With the Centaurus 5 needing multiple (3-4?) RL-10s, or a single BE-EU (>110,000klbf) -- and Vulcan needing to cost half as much as Atlas V -- hasn't price inflation at AJR essentially killed use of RL-10 on Vulcan/Centaurus 5?

The other question on this is, how much of the RL-10 stockpile that ULA has is currently remaining? They were converting them to the RL-10C for use on both Atlas and Delta, but I've never been able to find how many of those engines were left, just that Boeing had bought a large number of the engines for Delta. Depending on how many are left that might be what powers the initial Vulcan Centaurs until they are used up. Anyone have an actual count of how many are left?

Online brickmack

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Boeing ordered 100 RL10Bs, IIRC. 35 have been used on Delta IV. RL10C first flew on Atlas in December 2013. I know theres been at least one RL10A mission since then, probably more, but ballpark theres been about 20 flown since then. So >half used up. Theres still ~10 Deltas planned to fly, and at least 21 Atlases (probably much more), though not all future Atlases will use them (DEC missions must use RL10A). So with the known future manifest, thats only about 15 engines left to play with. Seems pointless to use them on Vulcan and have to redesign both upper stages once the supply runs out. Burn through them on the final Atlas V flights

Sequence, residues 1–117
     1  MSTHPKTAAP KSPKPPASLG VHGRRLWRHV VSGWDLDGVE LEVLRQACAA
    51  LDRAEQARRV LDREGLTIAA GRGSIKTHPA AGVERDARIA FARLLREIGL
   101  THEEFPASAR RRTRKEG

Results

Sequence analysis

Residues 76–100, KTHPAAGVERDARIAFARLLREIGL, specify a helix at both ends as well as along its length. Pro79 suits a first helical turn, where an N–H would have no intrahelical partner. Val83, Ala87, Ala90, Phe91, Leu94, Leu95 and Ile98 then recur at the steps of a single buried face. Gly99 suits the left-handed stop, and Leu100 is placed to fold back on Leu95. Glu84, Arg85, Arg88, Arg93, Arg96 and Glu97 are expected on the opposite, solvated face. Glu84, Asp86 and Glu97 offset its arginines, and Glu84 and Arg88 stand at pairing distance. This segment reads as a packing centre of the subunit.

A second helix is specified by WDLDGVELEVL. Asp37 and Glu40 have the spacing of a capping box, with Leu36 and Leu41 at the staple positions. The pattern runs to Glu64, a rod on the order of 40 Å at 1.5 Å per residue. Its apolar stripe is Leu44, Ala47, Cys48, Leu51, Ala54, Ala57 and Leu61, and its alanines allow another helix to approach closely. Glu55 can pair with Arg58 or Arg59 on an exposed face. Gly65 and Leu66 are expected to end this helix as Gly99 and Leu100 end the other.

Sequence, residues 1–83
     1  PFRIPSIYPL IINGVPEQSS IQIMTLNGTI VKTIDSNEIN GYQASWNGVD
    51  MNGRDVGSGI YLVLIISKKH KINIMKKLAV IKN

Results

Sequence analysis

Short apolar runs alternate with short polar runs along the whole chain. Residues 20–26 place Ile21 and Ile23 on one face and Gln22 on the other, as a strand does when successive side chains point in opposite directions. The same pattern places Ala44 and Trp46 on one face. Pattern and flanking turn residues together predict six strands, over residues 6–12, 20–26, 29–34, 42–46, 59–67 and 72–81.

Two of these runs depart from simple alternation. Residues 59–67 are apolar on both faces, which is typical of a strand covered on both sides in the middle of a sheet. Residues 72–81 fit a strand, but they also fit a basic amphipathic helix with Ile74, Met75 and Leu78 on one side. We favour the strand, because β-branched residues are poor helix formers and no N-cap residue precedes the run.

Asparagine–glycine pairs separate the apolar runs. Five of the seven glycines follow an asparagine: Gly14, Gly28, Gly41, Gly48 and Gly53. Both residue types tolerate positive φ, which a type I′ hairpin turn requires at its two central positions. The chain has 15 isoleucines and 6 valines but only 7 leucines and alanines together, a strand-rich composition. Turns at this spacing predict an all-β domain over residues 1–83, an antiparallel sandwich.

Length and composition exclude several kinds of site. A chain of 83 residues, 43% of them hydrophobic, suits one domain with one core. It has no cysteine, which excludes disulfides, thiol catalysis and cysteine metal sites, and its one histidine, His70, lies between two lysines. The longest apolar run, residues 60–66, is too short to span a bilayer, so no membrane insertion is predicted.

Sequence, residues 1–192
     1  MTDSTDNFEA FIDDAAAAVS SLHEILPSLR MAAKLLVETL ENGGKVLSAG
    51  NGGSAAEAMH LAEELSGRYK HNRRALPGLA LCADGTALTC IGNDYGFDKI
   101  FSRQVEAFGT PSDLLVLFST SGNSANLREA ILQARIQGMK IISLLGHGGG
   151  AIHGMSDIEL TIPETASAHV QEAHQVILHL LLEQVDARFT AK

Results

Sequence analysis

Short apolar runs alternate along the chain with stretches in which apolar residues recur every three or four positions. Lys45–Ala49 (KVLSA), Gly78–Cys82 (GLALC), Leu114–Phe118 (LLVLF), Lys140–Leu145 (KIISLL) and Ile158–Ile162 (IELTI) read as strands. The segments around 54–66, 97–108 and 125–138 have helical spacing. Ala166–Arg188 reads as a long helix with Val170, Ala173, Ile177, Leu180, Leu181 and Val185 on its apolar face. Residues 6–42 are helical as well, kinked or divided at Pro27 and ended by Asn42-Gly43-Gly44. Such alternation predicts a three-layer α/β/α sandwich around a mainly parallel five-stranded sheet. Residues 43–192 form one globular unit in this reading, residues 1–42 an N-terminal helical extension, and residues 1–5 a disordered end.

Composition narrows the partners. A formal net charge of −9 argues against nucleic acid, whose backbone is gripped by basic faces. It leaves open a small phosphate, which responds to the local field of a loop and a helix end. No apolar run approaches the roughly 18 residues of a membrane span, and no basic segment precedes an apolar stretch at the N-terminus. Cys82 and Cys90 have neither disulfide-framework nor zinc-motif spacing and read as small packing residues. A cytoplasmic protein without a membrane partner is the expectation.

Online FutureSpaceTourist

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Not great news for AR-1 funding by USAF:

Good article by Eric Berger on the NDAA funding language and thus the flexibility it does, and does not, give the USAF:

https://arstechnica.com/science/2017/11/a-new-law-gives-air-force-some-wiggle-room-in-picking-its-new-rockets/

Two crucial quotes:

Quote
Further, the bill defines “rocket propulsion system” as a main booster, first-stage rocket engine, or motor. The term does not include a launch vehicle, an upper stage, a strap-on motor, or related infrastructure.

Quote
Another provision in the bill relates to the engines under development for Vulcan. This language states that the Air Force may terminate funding for other rocket propulsion systems when “the Secretary of the Air Force certifies to the congressional defense committees that a successful full-scale test of a domestic rocket engine has occurred.”